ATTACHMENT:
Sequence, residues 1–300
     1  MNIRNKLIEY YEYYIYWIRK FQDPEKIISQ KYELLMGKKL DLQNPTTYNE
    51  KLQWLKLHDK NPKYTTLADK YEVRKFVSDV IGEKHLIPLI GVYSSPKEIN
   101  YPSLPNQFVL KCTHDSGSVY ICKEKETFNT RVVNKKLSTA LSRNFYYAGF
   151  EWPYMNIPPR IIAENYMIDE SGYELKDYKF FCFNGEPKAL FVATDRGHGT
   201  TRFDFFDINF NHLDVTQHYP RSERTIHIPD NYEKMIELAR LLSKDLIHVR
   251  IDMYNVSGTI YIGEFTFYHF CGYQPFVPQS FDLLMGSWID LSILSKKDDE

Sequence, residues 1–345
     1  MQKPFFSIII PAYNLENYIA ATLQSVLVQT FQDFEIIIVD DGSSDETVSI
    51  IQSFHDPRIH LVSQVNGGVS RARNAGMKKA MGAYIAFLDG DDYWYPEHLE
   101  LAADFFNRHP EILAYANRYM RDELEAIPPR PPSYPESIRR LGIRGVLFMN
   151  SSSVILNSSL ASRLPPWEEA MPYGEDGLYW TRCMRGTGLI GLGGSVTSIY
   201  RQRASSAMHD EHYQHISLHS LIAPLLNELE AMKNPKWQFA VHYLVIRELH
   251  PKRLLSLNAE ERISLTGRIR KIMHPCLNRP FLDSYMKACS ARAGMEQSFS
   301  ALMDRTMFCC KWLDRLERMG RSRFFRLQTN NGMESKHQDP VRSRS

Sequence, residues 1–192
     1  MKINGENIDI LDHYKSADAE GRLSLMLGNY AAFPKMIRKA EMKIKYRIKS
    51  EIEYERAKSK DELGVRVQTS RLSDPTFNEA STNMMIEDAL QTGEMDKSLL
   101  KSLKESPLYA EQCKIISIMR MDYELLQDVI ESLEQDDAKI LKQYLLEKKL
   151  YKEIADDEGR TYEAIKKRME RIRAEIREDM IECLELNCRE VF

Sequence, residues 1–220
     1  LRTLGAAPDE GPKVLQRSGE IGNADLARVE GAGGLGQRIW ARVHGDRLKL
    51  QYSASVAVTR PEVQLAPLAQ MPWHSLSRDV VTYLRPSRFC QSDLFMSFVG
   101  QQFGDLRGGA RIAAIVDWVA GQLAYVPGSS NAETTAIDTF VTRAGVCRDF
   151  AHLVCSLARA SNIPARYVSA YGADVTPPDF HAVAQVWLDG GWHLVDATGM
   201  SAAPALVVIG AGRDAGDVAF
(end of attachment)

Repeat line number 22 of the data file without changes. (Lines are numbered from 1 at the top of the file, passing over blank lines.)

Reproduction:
     1  LRTLGAAPDE GPKVLQRSGE IGNADLARVE GAGGLGQRIW ARVHGDRLKL